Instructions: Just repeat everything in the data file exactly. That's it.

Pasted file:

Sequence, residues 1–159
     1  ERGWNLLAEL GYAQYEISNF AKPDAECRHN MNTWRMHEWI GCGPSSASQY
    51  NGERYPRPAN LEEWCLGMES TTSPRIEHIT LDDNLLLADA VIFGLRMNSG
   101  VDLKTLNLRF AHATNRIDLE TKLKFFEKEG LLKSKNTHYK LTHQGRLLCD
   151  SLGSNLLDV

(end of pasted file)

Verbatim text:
Sequence, residues 1–159
     1  ERGWNLLAEL GYAQYEISNF AKPDAECRHN MNTWRMHEWI GCGPSSASQY
    51  NGERYPRPAN LEEWCLGMES TTSPRIEHIT LDDNLLLADA VIFGLRMNSG
   101  VDLKTLNLRF AHATNRIDLE TKLKFFEKEG LLKSKNTHYK LTHQGRLLCD
   151  SLGSNLLDV